‘How many Walgreens do we need?’
Why one man left the bustle of the Sunset Side and came back home
ALPENA — Area kids know Kurt Herriman as an advisor, caring adult presence, and all-around nice guy.
The Alpena resident has worked as a mentor to children at a nonprofit community agency since he moved back to Alpena to care for an ailing family member three years ago. Before that, he spent 27 years living and working in Traverse City.
Herriman, 48, lived in Alpena until early adulthood before moving to the Sunset Side to pursue career opportunities. He spoke with warmth of the city where he lived for nearly three decades.
Intertwined with his reflections were insights about what Alpena might do differently, and observations on what it is doing well.
Like in Alpena, conversations in Traverse City meetings often turn to what that city wants to be, Herriman said. Some argue strongly it should take steps to be more like Grand Rapids. Other voices say the city needs to retain its small-town roots and Up North feel.
Herriman calls Traverse City, at its heart, a small community.
“It’s a lot like Alpena. It really is,” he said. “Friendly people that know your name” are all around you.
In the off seasons, when the tourists have all gone home, Traverse City has small-town charm, Herriman said. Summers — especially the beginning of July, when the annual Cherry Festival is held, drawing half a million visitors — are not so peaceful.
In the summertime, locals scatter, Herriman said, sticking to activities on the water or outside the city to avoid the heavy traffic brought on by massive tourism.
“It’s a pain in the butt,” he said. “It’s like, ‘Everybody hide, here come the tourists.'”
When he was in his 20s and early 30s, he said, he enjoyed the vibrancy of the summer months, when the city was flush with visitors. As he got older, his perspective changed.
“I’m not trying to be bah-humbug about it,” Herriman said. “It keeps the town beautiful, it brings in a lot of money, and a lot of people benefit from it. But, in summertime, it’s chaotic. It really is.”
Because of visitor traffic, coupled with new residents moving up, largely from the Chicago region, the city has grown quickly.
“You could be gone a month and you go back and there’s 10 new buildings,” Herriman said. “It’s outstanding. It’s overwhelming, really.”
He has seen bitter conflict in Traverse City between longtime locals and newly arrived “implants” as a result of the tremendous growth.
People, he said, move to the area, “set their feet on the ground, and then say, ‘We’re going to expand the town.’ And everybody that’s lived there is like, ‘Hmm, haven’t we done that enough? How many Walgreens do we need?'”
Alpena, as it looks forward and decides what efforts it wishes to make to draw visitors and new residents, can learn from its sister city to the west. Concerns about traffic and overcrowding can instruct rather than frighten, helping Alpena stay focused on moving forward, embracing the potential for change that lies in its residents, he said.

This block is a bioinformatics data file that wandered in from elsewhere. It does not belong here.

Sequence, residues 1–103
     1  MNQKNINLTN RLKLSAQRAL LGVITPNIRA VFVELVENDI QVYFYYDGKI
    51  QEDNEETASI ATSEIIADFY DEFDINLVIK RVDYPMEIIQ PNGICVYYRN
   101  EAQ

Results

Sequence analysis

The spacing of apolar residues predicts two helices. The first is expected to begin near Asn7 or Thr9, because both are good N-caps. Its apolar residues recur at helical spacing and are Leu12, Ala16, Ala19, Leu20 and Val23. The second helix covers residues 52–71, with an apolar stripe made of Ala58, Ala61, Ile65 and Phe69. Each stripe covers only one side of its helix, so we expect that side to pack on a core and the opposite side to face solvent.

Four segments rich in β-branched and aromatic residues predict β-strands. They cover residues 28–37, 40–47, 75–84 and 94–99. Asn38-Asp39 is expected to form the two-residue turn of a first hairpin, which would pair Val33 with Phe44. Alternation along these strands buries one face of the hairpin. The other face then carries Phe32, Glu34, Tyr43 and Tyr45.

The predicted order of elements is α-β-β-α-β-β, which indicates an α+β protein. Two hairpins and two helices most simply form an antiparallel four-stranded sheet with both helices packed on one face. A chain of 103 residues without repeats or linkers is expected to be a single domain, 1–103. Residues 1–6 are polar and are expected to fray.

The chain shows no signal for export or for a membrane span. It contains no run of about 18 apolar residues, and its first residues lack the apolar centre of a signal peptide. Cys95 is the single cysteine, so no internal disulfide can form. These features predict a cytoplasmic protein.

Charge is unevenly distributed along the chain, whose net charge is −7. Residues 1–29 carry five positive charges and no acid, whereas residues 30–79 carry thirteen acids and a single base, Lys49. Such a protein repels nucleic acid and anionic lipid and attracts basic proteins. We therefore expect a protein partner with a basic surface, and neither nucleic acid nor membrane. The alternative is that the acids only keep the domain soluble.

Alpena isn’t at risk of becoming a high-traffic place, Herriman said, both because of its distance from major roadways and because the culture of its residents won’t allow it. He feels the people at the heart of Alpena, unlike in Traverse City, won’t be overrun by new residents bringing in new ways of doing things. Rather, the town will hang on to its quiet, pleasant identity, even while embracing the lively additions to the city being introduced by a younger generation.
Since he has moved back to Alpena, Herriman has noticed a new willingness to embrace new ideas. The young people in Alpena, he said, show a spirit of entrepreneurialism that seems accepted in a place that, in his experience, has not always seemed open to new ideas.
“The more trendy businesses our young people can come up with, the better chance this town has of expanding and doing well, economically,” Herriman said.
Herriman reminisced with fondness about a favorite restaurant in Traverse City with an extensive tequila menu. He and friends would go grab a drink after work, eat chips and hang out. When he saw the new Mango’s Tequila Bar opening in downtown Alpena, he was excited at the prospect of replacing a favorite activity.
“Well, they’ve only got, like, five tequilas,” he said. “But you’ve got to start somewhere.”
Herriman was enthusiastic about recent business additions and community ventures. He praised such eateries as The Fresh Palate, Cabin Creek Coffee, The Black Sheep Pub, and Mango’s as embracing a modern vibe that will appeal to both young city-types and long-term residents. He commended the community for utilizing its most intrinsic feature, the waters in its back yard, through the development of the underwater sanctuary in Thunder Bay.
The experienced west-coaster with a heart for the Sunrise Side gives the city credit for such recent additions such as film festivals and live music during the summer.
Despite the advantages and apparent popularity of some of the new additions to the town, Herriman knows there is some reluctance at the thought of change in a city that prizes its culture, history, and peace and quiet.
It’s hard to be open-minded, Herriman conceded, “especially in a smaller community. You are so used to things being this way and this way and this way. It’s how you like it.”
But, Herriman said, “I think, as long as that’s not overdone too much, Alpena will always be the charming little gem it is in Northeast Michigan.”
Julie Riddle can be reached at 989-358-5693 or firstname.lastname@example.org.